Sring CrocusCrocus bulbs typically bloom in early spring or in late winter, and they feature tubular shaped flowers ranging in size from 1½” to 3” long. Crocuses come in a rainbow of colors, and they are a staple of many gardens. Other types of crocus, such as the saffron crocus, bloom instead in the fall, and the flowers can rise from the bare ground weeks, or even only days, after the bulbs are planted. It is important for crocus bulbs to be planted as soon as they become available in the fall. The best way to plant crocus bulbs is two to three inches deep, with a spacing of three or four inches between bulbs. Crocus bulbs should be planted in good quality soil with good drainage, and they should be provided with full sun or partial shade and watered regularly during their growing and blooming seasons.


Dahlias bloom from summer through fall, and they also come in a wide variety of colors, shapes and sizes. The size of dahlia flowers can range from two to twelve inches, and the height of the plants themselves can vary from just under a foot to more than seven feet for certain stake varieties. It is best to plant dahlias after the last frost of the spring, and the roots should be set between four and six inches deep. Tall dahlia varieties should be spaced four or five feet apart, while shorter ones can be spaced from one to one and a half feet apart.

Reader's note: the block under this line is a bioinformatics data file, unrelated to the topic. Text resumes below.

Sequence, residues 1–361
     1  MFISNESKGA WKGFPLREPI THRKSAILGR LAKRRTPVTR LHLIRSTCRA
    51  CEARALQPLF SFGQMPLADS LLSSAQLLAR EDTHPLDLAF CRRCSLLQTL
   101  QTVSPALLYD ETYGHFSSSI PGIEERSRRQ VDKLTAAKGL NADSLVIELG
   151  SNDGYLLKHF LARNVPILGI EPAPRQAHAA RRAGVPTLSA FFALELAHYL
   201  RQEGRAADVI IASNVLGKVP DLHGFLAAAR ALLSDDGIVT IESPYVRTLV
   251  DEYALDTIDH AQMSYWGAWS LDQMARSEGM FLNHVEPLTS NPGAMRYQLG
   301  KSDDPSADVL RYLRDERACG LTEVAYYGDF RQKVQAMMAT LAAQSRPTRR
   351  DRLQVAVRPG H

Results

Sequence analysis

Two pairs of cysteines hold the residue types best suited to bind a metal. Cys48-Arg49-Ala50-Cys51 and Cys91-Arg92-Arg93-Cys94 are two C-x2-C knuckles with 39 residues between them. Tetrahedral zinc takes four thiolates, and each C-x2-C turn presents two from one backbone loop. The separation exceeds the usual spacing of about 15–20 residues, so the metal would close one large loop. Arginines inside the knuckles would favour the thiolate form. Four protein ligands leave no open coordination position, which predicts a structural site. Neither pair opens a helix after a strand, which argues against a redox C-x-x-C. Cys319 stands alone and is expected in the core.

Dahlias should have access to full sun, but in areas where theDinner Plate Dahlia summers are very hot they may benefit from partial shade as well. It is important to observe a regular watering schedule during the bloom and growth cycles of the dahlia.

Dahlia bulbs can be left in the ground if the winter temperatures do not go below 20 degrees Fahrenheit, but most gardeners prefer instead to dig the dahlia bulbs up at the end of each growing season. To do this, you should wait until the foliage has yellowed, then cut the stalks back to approximately four inches. The clumps of the roots should be permitted to dry in the sun a few hours, then placed in boxes in a single layer and covered up with either sawdust or dry sand. The bulbs should be stored in a cool dry place over the winter and replanted the following spring.

Galanthus Nivalis

The galanthus is more commonly known as the snowdrop, and it is one of the first plants to bloom at the end of the winter. These plants are typically six to eight inches in height, and they feature one bell shaped flower on each side of the stalk. Snowdrops are best suited for colder climates, and the bulbs are best planted in the autumn of the year. The bulbs should be planted from three to four inches deep and about three inches apart. Snowdrops typically do best in full sun or partial shade, and they like regular watering during their blooming and growing cycles.